Politicians, here’s a good reason why it might not be the best idea to focus your personal-branding efforts on your first name: As Marla Cuellar, candidate for Hidalgo County judge learned this week, the font selection for the ballots might make the name you printed in big, bold letters on all of your materials look misspelled.
As the Monitor reports, the font display on the ballots has thrown a weird wrench into Cuellar’s ambitions.
In a Saturday phone interview, she said she emphasized her first name to highlight the fact that she is a woman. Cuellar, who has two opponents in the race, is the only woman running for judge in HidalgoCounty, although three candidates in various justice of the peace races are women. Eleven men are running for justice of the peace.
“When you get to the eve of early vote, and it’s incorrect and they’re telling you ‘sorry, it’s the font,’ it’s just unbelievable to me,” she said.
Regardless of appearances, because the ballot officially contains the right name, no legal issues should arise, Garcia said. Even if a legal problem existed, it would be too late to change anything on ballots for either Election Day on March 4 or early voting, which begins Tuesday.
Hopefully for Cuellar, voters who misread “Marla” as “Maria” on the ballot will remember her first name, and be inclined to read the ballot a bit closer to be sure they’re voting for the right person.
Cuellar’s challenges are only one of the quirky issues facing early voters in the Rio Grande Valley. Voters who wanted to cast an early ballot in Pharr at the Memorial Civic Center—”the second most popular early voting location” in the region, according to The Monitor—faced a different sort of problem: Namely, that an adult day care was holding a dance in the middle of early voting hours.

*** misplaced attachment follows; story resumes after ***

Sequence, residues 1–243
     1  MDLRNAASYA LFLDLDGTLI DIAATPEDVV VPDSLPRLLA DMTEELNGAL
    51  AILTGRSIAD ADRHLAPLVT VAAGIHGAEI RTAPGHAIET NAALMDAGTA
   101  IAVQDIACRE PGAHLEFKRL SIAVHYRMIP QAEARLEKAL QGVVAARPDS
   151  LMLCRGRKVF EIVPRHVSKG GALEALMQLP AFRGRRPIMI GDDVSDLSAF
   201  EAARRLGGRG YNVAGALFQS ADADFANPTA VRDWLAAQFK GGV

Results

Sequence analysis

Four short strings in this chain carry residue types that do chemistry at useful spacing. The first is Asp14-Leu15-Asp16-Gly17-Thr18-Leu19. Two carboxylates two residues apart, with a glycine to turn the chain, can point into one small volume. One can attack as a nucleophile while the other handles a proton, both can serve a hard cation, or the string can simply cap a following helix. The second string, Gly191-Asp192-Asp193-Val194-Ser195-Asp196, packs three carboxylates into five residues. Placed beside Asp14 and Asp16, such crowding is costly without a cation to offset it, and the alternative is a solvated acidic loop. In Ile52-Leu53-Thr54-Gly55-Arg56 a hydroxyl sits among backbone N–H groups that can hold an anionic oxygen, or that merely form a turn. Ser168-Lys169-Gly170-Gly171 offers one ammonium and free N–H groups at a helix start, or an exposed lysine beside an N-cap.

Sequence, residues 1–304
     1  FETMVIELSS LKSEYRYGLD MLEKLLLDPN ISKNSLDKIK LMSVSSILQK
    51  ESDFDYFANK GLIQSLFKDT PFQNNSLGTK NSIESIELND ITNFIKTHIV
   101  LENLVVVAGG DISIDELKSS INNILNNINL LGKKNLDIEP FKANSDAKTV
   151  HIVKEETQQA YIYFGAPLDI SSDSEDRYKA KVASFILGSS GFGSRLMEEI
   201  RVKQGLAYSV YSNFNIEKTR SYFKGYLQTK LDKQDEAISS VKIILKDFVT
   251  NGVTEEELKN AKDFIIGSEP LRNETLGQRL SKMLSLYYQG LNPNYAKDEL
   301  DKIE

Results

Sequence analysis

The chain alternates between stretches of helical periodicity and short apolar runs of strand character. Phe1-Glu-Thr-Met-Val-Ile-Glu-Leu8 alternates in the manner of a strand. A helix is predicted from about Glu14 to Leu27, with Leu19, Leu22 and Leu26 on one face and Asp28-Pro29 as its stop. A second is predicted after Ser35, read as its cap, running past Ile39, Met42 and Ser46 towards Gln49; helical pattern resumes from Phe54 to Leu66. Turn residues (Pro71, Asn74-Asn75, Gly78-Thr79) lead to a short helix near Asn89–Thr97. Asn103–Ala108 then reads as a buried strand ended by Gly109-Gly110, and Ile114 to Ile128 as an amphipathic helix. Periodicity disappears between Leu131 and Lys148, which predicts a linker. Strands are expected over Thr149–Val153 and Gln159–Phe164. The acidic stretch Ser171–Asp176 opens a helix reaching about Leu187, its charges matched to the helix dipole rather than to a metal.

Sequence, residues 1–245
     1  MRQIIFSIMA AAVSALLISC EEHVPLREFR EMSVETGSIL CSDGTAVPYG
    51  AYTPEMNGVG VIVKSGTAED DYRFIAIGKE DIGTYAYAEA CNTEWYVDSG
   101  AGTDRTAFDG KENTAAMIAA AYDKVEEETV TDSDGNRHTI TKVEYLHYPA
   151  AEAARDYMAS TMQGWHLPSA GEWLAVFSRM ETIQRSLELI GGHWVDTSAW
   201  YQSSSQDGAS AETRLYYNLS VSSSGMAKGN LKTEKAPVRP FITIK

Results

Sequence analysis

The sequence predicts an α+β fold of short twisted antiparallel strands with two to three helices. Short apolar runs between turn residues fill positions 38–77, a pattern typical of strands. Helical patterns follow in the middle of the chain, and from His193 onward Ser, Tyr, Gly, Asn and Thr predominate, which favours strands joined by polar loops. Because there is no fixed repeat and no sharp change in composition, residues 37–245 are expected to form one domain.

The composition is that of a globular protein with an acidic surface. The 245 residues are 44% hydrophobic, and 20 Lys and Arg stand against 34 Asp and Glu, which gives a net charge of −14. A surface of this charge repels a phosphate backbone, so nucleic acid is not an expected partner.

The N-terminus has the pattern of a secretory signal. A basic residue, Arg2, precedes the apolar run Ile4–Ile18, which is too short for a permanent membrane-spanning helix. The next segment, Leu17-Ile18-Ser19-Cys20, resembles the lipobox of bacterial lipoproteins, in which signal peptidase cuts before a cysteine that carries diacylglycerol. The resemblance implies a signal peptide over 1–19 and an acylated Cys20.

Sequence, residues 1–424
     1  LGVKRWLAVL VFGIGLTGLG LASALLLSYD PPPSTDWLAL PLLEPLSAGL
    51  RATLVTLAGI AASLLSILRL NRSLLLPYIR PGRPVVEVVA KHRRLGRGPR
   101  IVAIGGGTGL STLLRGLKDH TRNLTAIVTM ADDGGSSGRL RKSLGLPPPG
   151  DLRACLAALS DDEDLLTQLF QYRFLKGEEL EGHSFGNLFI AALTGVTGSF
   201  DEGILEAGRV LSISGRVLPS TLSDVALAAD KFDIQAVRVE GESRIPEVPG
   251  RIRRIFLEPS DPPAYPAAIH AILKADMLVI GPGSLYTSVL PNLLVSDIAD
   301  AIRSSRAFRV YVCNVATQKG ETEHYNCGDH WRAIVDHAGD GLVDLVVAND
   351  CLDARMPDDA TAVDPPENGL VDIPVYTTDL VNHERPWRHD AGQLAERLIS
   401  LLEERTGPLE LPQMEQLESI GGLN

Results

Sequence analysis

[Hidalgo County District Attorney Rene] Guerra said he went to the Jose Pepe Salinas Memorial Civic Center in Pharr because he received phone calls about an adult daycare holding a dance in the building. The civic center is the second most popular early voting location in the Rio Grande Valley.
Guerra said he wanted to make sure the rule prohibiting electioneering within 100 feet of the polling location was not being violated.
“The daycare said it was not political, but my concern was since it was within 100 feet, they wouldn’t be able to separate campaigning from the dance,” Guerra said. “Also the music might have been interfering with the voting.”
Ultimately, all’s well that ends well: The dance ended at 1:30pm as scheduled, and voters interviewed reported no interference.